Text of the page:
14. "Obsession" (1976)
Defining De Palma, as many do, by his Hitchcock references denies both the director’s originality and, frankly, how complex and analytical his quotations can be, but there’s no denying that “Obsession” draws heavily from the master, especially “Vertigo.” Admittedly, he lessens the innovative structure of Hitchcock’s masterpiece, saving this film’s version of the Judy/Madeleine reveal until a more conventional, climactic twist.
Yet “Obsession” finds its own emotional resonance, the image of a widowed man erecting a replica of Florence’s San Miniato basilica to honor his dead wife and child a metaphor not only for this film’s aims of finds different purposes in copies but of the goal of De Palma’s references in general. The finale is one of the director’s most jubilant, in which a giddy 360-degree shot overpowers the narrowly avoided filicide that precedes it.
13. "Dressed to Kill" (1980)
In some ways, “Dressed to Kill” is the ultimate litmus test for De Palma. It exists at the center of so many dichotomies—elegant/trashy, progressive/regressive, waking/oneiric—that one must decide whether the highs of De Palma can be enjoyed in tandem with his inseparable lows. The transgender character proves as backward as Hitchcock’s depictions of homosexuals, but that character also opens up the castration fears of the director’s work to their most blatant exposure, creating a work that wrestles with the very id-driven anxieties it vents.
It may be the De Palma film that requires the greatest level of scrutiny and critique, though the prospect of revisiting it multiple times is made more palatable by its deft construction, from its dangerous but playful pas-de-deux of mutually aware voyeurism in a museum to the simple but gorgeous glint of light off a razor before it slashes a throat.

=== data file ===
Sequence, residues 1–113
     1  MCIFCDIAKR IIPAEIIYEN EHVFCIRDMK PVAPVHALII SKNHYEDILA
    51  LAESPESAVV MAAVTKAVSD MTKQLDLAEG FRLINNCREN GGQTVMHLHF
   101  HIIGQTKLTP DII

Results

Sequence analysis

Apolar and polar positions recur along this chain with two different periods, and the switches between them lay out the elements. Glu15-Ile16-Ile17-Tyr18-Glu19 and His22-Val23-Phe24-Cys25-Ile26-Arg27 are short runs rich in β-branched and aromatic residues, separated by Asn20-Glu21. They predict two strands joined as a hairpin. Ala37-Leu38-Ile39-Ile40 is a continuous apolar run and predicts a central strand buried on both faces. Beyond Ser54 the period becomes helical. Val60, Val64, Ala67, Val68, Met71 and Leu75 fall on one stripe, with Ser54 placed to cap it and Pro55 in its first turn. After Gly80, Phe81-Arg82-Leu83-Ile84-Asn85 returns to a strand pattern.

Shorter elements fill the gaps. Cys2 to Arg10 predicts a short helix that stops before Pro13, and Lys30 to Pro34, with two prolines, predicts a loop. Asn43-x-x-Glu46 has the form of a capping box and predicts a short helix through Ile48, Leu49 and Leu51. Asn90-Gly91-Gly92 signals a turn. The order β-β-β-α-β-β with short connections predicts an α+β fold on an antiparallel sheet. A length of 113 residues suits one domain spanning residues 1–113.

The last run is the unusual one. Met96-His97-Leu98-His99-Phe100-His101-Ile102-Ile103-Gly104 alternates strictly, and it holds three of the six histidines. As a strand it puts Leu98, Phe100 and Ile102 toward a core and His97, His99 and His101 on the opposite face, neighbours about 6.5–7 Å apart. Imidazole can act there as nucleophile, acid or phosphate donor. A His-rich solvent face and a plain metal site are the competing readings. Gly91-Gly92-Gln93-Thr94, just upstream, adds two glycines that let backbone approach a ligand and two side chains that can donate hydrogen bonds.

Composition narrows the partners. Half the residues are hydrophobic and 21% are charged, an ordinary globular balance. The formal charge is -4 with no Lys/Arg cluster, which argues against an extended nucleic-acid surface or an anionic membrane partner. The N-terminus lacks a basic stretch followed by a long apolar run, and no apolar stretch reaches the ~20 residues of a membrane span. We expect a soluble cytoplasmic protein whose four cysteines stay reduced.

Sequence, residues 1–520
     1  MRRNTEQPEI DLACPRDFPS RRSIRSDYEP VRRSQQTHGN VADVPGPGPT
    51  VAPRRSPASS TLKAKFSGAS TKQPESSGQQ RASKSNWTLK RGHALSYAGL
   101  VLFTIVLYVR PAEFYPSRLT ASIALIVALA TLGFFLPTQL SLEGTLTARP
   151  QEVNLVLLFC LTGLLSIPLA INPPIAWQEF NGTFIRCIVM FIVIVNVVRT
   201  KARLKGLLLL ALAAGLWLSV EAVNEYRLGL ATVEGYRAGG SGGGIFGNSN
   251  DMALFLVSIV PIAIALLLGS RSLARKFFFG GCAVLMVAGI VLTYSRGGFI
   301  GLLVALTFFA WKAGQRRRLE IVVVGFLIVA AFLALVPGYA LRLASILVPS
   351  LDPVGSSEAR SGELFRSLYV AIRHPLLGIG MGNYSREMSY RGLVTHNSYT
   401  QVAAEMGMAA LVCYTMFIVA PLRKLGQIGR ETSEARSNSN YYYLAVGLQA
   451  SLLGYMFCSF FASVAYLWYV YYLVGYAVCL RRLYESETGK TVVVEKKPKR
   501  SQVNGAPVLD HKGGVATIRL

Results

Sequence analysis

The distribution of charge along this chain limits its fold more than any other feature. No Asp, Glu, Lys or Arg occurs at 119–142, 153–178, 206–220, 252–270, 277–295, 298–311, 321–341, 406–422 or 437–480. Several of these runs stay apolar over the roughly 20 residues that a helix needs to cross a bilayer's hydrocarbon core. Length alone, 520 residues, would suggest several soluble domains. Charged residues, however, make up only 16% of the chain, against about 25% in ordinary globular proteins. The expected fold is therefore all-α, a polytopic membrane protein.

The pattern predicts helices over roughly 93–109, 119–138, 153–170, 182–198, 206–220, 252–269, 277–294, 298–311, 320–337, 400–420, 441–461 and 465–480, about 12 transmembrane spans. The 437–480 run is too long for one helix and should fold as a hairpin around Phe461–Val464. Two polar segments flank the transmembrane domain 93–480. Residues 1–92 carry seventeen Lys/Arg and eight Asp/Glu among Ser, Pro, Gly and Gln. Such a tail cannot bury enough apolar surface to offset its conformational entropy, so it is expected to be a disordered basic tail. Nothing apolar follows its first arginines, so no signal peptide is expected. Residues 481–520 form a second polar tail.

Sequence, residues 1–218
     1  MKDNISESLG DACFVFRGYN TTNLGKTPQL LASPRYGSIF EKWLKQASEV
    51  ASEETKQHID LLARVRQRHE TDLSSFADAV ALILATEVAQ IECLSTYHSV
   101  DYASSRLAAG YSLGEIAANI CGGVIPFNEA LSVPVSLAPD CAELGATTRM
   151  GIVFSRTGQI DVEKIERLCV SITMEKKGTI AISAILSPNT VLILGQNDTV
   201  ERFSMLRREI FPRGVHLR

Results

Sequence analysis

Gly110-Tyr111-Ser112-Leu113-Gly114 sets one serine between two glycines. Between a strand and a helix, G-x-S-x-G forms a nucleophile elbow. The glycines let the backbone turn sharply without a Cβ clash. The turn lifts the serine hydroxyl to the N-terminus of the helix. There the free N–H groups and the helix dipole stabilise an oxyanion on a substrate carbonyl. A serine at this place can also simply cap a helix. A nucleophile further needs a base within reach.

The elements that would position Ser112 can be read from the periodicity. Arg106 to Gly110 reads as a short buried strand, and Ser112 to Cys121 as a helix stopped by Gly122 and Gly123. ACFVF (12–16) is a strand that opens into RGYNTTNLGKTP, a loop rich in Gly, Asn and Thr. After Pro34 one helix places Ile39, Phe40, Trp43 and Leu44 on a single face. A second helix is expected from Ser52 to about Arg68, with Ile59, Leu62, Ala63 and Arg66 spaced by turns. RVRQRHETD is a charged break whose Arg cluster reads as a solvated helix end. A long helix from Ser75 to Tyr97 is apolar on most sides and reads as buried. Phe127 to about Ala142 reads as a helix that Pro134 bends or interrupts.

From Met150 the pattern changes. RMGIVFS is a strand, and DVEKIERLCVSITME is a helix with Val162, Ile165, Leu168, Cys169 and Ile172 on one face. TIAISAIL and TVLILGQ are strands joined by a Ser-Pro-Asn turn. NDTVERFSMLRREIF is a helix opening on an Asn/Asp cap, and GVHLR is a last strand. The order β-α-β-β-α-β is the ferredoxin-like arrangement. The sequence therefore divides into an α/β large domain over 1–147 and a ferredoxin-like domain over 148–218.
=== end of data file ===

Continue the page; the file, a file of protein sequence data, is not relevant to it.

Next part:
12. "Raising Cain" (1992)
The end of the ‘80s marked the lowest creative point of De Palma’s career, a time in which both the success of “The Untouchables” and the colossal failure of “The Bonfire of the Vanities” seemed to have equally deleterious effects on his artistic vigor. “Raising Cain” briefly threw off the pressure of box-office expectations, a creative exercise akin to Scorsese’s “After Hours.” Starring John Lithgow (who manages to top even the insidious performance he gave in “Blow Out”) as a man with multiple personalities, “Cain” soon disappears into a nightmare realm of asymmetrically oriented mise-en-scène and alienating, warped physical distances.
The narrative movement recurs and shifts, déjà vu sights replayed at different angles, or through different characters wearing the same actor’s face. To call it “labyrinthine” offers the false possibility of an escape, a hope cruelly denied by the last shot, once once the cheapest shock and the most ridiculous joke in De Palma’s canon.
11. "Passion" (2013)
More than a mere return to form, “Passion” updates one of the director’s best, “Dressed to Kill.” Like that film, it deals in dubious sexual politics, a thriller that is somehow more effective for being predictable, and a hallucinatory dénouement that, in “Passion’s” case, stretches out to cover the whole back half. But the trashy aesthetic of the earlier film has been sublimated into modern form; the whole film looks as if it grew out of the Apple logo that opens it, all clean, white surfaces and ostensibly easy access.